A Poppy Seller

Ellen’s life was a long one, and she didn’t hang about. Five years after her birth in Filey she was living with her parents at Cape Cottage in Bridlington. Her father was a Chelsea Pensioner – an old soldier – and he died before the next census was taken. His widow, an elementary schoolteacher, and Ellen were living at Marsh Cottage in Membury, Devon, in 1881 and working together in the adjacent school. Ellen had found her vocation.

In 1891 Ellen, schoolmistress, was boarding at the house of William SIMPSON, a coke drawer, in Brandon and Byshottles, County Durham. She must have been courting because the following year she married a schoolmaster, William Bowman GUTHRIE, a native of nearby Willington.

Sometime after the wedding, they journeyed south and their two sons, Harold and Bede, were born in North Marston, Buckinghamshire. The enumerator in 1901 found the quartet at Hambleden, near Henley – both parents working as teachers. I don’t know how much longer the family unit held together. I couldn’t find Ellen and Bede in 1911. Father William, 43, married and a schoolmaster, was boarding at Old Hall Farm near Carnforth, Lancashire. Harold, 17, was a bank clerk, boarding in Kew, Surrey.

William and Ellen did take up married life again, receiving news in 1917 at their home in Brancaster Staithe, Norfolk that their sons had been killed on the Western Front. Harold perished while serving with the Royal Fusiliers and Bede, a Lance Corporal with the Gloucestershire Regiment is remembered on the Tyne Cot Memorial.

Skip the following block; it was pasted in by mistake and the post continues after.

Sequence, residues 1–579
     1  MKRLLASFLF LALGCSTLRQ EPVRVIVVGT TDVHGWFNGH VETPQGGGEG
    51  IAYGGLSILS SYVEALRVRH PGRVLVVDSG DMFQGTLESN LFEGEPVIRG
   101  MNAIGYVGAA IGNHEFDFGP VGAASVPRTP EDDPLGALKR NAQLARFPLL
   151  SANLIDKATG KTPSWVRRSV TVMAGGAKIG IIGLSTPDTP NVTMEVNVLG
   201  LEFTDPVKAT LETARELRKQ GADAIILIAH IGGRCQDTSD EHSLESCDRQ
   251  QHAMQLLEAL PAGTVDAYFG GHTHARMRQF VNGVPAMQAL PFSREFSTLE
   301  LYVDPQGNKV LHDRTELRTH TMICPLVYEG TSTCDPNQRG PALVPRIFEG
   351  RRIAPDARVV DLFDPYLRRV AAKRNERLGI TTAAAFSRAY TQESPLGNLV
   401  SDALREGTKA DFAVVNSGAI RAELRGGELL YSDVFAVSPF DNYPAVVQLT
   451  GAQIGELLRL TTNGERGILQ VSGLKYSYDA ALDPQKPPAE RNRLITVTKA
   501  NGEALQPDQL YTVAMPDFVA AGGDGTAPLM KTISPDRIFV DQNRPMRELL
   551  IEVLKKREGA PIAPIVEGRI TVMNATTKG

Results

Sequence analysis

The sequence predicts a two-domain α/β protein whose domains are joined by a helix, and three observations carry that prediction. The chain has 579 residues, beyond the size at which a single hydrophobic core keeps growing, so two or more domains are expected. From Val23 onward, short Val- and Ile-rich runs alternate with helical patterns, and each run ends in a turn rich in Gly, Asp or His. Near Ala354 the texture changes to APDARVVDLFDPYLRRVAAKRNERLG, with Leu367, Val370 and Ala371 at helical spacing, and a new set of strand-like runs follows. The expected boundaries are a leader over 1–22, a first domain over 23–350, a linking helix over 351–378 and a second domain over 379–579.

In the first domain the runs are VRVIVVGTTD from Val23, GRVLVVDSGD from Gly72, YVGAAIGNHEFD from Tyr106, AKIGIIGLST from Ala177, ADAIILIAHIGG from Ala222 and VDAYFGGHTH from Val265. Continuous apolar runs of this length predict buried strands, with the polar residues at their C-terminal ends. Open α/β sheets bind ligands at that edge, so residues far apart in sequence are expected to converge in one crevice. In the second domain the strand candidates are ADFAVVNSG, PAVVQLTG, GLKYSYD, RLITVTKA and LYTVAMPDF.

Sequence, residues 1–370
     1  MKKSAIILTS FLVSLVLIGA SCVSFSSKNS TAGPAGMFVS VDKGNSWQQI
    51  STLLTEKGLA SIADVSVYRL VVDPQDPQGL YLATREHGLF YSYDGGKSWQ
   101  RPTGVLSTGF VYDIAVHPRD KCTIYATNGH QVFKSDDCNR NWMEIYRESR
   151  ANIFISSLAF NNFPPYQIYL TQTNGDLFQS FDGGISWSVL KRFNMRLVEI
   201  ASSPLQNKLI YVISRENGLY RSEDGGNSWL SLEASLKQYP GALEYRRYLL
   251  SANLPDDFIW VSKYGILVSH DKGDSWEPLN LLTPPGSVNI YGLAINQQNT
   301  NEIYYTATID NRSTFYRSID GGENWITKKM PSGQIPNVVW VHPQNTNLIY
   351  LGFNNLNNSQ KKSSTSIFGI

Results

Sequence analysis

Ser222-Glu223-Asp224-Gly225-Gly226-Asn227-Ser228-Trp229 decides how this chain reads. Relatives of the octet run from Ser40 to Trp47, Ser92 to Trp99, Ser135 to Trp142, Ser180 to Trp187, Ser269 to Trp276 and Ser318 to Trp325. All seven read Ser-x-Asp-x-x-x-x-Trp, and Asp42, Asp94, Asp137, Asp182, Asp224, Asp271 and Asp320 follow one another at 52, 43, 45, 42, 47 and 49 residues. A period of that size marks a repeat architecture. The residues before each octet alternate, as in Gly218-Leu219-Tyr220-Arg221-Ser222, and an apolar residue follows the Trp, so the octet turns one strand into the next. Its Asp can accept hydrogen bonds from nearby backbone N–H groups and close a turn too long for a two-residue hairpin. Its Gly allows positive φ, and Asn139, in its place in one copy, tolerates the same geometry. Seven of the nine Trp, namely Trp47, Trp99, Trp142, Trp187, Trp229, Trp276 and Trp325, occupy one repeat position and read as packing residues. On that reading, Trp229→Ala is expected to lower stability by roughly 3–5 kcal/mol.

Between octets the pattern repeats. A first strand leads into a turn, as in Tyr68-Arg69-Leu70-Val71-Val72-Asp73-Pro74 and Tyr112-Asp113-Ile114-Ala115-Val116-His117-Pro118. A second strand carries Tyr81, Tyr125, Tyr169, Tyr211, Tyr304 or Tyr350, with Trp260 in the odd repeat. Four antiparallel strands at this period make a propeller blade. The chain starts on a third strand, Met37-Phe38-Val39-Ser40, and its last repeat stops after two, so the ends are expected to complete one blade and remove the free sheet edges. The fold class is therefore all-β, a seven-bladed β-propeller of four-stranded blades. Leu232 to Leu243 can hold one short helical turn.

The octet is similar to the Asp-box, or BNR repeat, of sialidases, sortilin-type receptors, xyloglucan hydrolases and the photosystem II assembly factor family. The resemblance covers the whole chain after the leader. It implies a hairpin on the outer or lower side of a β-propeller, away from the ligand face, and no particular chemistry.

William died in King’s Lynn on 29 July 1936, aged 69. Ellen kept busy for another eighteen years.

Death of Mrs E. Guthrie a big loss

Mrs Ellen Guthrie, of Brancaster Staithe, who has died, was the old type of village schoolmistress, instilling the highest virtues as well as the elements of learning.

She thought it her duty to be a staunch churchwoman and organiser and help in all village activities, a confidante and solace to many.

In September 1924, the late Mrs J. Lance and Mrs Ellen Guthrie, in collaboration with Mrs G. Pike, arranged a series of meetings resulting in the inauguration of Docking and district women’ section of the British Legion and the formation of women’s section sub-committees in eight villages.

From about 50 in 1924 the membership of the women’s section has risen to 410. Mrs Guthrie became its first secretary and despite advancing years was at the time of her death still a most active member of all committees.


Ever since the inception of the Poppy Day Appeal in 1921 she had been responsible for the sale of poppies in Brancaster Staithe and Burnham Deepdale and, throughout the whole of that period, her total collection remained the highest per head of the population for any of the villages in the area of the Docking district Poppy Day Appeal Committee. No one ever declined to purchase a poppy from her.

She was a true soldier’s daughter. When the news of the deaths in action of her two sons, within a few days of each other, was received, she still continued in her place caring for the wounded at the Red Cross Hospital at Thornham.

Hundreds of letters and photographs and a grave flower-lined by children testified to the love this seemingly lonely woman evoked.

Mrs Ellen Guthrie has left the impress of her personality on many.

Lynn Advertiser 16 July 1954

Tree 82  · Arndale Leaves

Google Alt-Text: a group of colourful flowers.

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